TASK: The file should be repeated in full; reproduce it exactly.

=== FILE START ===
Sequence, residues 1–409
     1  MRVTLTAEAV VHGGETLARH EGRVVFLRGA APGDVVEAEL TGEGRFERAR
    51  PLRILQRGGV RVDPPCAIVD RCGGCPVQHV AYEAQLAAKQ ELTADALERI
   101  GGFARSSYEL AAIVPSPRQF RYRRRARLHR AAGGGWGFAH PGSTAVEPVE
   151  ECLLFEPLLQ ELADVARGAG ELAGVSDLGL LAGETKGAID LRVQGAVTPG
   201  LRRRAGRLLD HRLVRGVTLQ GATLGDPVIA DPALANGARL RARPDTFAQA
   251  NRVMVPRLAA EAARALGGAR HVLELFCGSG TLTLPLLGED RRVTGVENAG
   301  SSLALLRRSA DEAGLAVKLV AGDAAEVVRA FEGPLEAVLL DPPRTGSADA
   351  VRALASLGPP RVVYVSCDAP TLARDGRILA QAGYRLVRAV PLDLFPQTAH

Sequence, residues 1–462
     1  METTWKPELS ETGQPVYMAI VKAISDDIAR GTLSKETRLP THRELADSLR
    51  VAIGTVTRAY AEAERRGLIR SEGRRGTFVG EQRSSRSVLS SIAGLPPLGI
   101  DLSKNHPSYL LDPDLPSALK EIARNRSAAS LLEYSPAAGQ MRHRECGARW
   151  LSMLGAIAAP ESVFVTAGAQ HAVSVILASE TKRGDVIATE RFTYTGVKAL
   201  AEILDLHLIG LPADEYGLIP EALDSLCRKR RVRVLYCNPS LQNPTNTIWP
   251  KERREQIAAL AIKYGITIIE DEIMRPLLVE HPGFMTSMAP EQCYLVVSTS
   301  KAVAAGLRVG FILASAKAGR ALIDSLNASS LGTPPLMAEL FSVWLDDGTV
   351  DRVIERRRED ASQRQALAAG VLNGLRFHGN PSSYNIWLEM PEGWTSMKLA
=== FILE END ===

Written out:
Sequence, residues 1–409
     1  MRVTLTAEAV VHGGETLARH EGRVVFLRGA APGDVVEAEL TGEGRFERAR
    51  PLRILQRGGV RVDPPCAIVD RCGGCPVQHV AYEAQLAAKQ ELTADALERI
   101  GGFARSSYEL AAIVPSPRQF RYRRRARLHR AAGGGWGFAH PGSTAVEPVE
   151  ECLLFEPLLQ ELADVARGAG ELAGVSDLGL LAGETKGAID LRVQGAVTPG
   201  LRRRAGRLLD HRLVRGVTLQ GATLGDPVIA DPALANGARL RARPDTFAQA
   251  NRVMVPRLAA EAARALGGAR HVLELFCGSG TLTLPLLGED RRVTGVENAG
   301  SSLALLRRSA DEAGLAVKLV AGDAAEVVRA FEGPLEAVLL DPPRTGSADA
   351  VRALASLGPP RVVYVSCDAP TLARDGRILA QAGYRLVRAV PLDLFPQTAH

Sequence, residues 1–462
     1  METTWKPELS ETGQPVYMAI VKAISDDIAR GTLSKETRLP THRELADSLR
    51  VAIGTVTRAY AEAERRGLIR SEGRRGTFVG EQRSSRSVLS SIAGLPPLGI
   101  DLSKNHPSYL LDPDLPSALK EIARNRSAAS LLEYSPAAGQ MRHRECGARW
   151  LSMLGAIAAP ESVFVTAGAQ HAVSVILASE TKRGDVIATE RFTYTGVKAL
   201  AEILDLHLIG LPADEYGLIP EALDSLCRKR RVRVLYCNPS LQNPTNTIWP
   251  KERREQIAAL AIKYGITIIE DEIMRPLLVE HPGFMTSMAP EQCYLVVSTS
   301  KAVAAGLRVG FILASAKAGR ALIDSLNASS LGTPPLMAEL FSVWLDDGTV
   351  DRVIERRRED ASQRQALAAG VLNGLRFHGN PSSYNIWLEM PEGWTSMKLA